As anticipation grows around the new album (which Gaga has asserted is her "best work to date"), so do the rumors. On August 12, 2010, celebrity blog Oh No They Didn't posted a scan of a document which hinted that Gaga may have collaborated with David Bowie during a July recording session in Sydney, Australia in July. Bowie, however, quickly shot down the rumor, saying in a statement, "The suggestion that David Bowie is producing and participating in the production of Lady Gaga's next album is untrue and a hoax."
While he couldn't reveal any specific information about the album, producer RedOne -- the Moroccan-Swedish mastermind behind Gaga's monster hits "Just Dance," "Love Game," "Poker Face," "Bad Romance" and "Alejandro" -- assures Billboard that the new material is worth waiting for.
"It's going to be shocking, shocking, shocking!" RedOne says of Gaga's new music. "You never want to go too far from your brand -- people love you for a reason. But we still want to give them something with a kick, something that makes them say, 'Oh my God! We didn't expect this!'
"When you heard 'Bad Romance' after 'Poker Face,' it was like the best thing you've ever heard," he continues. "We want that type of reaction. I think that's part of my job and her job -- to keep her evolving. "
RedOne (aka Nadir Khayat) confirms that he has worked with Gaga on two tracks and describes both of them as "massive" hits-to-be. While RedOne and Gaga's studio synergy has proven its platinum power (the pair collaborated on nine tracks on her first two albums), the producer says he encouraged her to add some new names to the production credits this time around.
"After 'Just Dance' and 'Poker Face,' 'Love Game' and 'Boys Boys Boys,' I got a sound out of her, and that made it easier for other producers," he says, though he remains mum on naming names. "Her sound is so defined that no matter what people can follow it. That sound belongs to her."
It's this ability to reinvent herself without losing her sense of self that originally drew RedOne to Lady Gaga a few years ago. "When I met her I just felt her energy -- and of course she was dressed in that special way [that] caught my eye," he half-jokes. "She had this energy and was so knowledgeable of music. She makes an impression on you right away. Immediately I thought, 'I can do something big with this girl.'"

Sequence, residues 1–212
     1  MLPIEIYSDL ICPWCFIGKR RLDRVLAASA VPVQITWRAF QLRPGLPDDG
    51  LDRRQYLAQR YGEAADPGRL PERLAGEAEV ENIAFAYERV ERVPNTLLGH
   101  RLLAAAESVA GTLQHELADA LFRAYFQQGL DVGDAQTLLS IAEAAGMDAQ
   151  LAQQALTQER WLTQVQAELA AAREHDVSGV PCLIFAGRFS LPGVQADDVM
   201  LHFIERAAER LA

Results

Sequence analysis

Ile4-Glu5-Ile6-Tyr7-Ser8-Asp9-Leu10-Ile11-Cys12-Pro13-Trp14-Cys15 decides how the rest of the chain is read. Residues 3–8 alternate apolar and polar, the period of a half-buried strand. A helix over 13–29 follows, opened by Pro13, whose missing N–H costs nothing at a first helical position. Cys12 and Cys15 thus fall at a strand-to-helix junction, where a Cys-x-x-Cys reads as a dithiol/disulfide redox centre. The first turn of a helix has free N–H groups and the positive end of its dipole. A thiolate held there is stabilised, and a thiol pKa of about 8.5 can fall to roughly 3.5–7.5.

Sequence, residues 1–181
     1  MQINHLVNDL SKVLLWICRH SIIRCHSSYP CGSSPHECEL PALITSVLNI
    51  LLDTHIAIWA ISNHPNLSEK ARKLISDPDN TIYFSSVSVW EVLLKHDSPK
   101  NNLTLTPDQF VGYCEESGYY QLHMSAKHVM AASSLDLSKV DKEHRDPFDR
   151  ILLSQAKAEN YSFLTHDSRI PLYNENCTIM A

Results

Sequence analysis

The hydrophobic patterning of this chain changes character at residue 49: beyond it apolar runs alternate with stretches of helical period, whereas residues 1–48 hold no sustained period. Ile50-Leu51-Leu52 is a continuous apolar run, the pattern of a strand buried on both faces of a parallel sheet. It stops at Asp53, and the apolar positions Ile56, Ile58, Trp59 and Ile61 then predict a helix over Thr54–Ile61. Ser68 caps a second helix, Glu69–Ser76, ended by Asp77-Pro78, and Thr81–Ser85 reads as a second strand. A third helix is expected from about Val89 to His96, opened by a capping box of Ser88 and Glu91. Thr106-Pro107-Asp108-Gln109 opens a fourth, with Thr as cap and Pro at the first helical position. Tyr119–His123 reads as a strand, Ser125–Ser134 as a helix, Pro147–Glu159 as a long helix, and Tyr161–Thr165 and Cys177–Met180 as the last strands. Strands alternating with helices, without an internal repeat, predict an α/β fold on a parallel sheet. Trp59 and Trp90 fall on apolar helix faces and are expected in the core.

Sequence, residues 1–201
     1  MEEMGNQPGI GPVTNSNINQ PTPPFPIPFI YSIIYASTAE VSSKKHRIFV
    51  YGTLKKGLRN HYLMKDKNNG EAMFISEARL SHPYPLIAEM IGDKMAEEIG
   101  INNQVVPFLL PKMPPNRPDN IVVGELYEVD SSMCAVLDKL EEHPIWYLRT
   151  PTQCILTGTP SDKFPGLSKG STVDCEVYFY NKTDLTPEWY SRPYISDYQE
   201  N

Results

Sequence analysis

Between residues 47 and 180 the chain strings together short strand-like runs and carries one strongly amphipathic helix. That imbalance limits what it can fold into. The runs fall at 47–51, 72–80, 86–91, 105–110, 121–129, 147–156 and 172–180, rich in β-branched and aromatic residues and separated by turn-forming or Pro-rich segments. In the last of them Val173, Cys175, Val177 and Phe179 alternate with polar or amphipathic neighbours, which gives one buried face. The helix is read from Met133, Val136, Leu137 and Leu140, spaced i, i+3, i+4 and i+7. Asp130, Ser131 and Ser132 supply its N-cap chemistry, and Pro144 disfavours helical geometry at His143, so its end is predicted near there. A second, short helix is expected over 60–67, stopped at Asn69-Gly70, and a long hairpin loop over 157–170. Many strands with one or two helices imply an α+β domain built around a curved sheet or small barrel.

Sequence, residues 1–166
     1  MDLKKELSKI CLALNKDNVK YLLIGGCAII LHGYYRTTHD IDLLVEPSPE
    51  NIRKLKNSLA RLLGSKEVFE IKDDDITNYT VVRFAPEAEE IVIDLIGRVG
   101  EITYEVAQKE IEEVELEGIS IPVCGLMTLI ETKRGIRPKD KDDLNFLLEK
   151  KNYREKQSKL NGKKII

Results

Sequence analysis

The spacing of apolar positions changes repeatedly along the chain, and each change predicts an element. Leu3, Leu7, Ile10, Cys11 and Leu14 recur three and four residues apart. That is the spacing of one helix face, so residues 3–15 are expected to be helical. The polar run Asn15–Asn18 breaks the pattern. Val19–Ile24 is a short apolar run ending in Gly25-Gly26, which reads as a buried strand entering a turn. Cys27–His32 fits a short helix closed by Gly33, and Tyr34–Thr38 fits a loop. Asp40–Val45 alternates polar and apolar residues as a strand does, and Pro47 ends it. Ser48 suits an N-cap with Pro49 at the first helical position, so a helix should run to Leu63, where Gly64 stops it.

That initial meeting took place very shortly after Lady Gaga was signed to Def Jam Records. RedOne saw so much in the up-and-coming singer -- even at first sight -- that even on the day she was dropped from the label just three months later, he joined her in the studio to hear the songs she'd already recorded. The music he heard confirmed his instinct about her talent. After listening, RedOne immediately realized her vast potential, especially since Gaga turned out to be a good singer and musician as well as a strong songwriter ("lyrically, it's always interesting with her," he says). The only thing that needed tweaking, he felt, was someone adjusting the arrangements and mix it to make it all sound more mainstream and radio-friendly.
"It was really good musically but it was a bit too left. I asked her if we could take it more to the middle, and she said, 'I'm open. Let's do it,'" he recalls. Once he was behind the board, he eagerly added "big drums, almost like a rock song with synths." And the polished Gaga sound the world came to love began to take shape.
Now, with that early period of matching Gaga with the right sonic feel vindicated by a raft of hits, RedOne explains that the goal with her next album, as with any, is pushing the music to not only change but to grow. "We try to take the sound and make it bigger and more interesting every time," he says. "And every time and era has its sound; you always want to be the first to jump on it."
Propelled by his success with Lady Gaga and sure to influence his work on Lady Gaga's new tracks, RedOne has been working hard with other artists. He recently completed Nicole Scherzinger's upcoming album, with a single expected to be released by end of year, and he also just launched his own label, 2101, through Universal Records. 2101's first artist is 23-year-old singer/songwriter, Mohombi. And just as in the case of Gaga, RedOne has stepped in to effectively launch the career of this already locally-praised artist.
Mohombi's album doesn't have a release date yet because they are still defining that sound -- but it's one of the lessons RedOne learned working with Gaga, and likely a factor in the patient timing of working on her highly-anticipated follow up. "That's one of the things I really believe in -- never give an album until people want it," RedOne says. "Even with Gaga, the [first] album was released kind of early, but it wasn't until 'LoveGame' that it took off and people realized she had talent. That's when they suddenly paid attention. I think that's important -- to give them an album when they're ready."
If the recent reaction to Gaga's every new bit of music -- from her hit remix album to the massive fan love for her new tune "You and I" -- is any indication, the world is more than ready.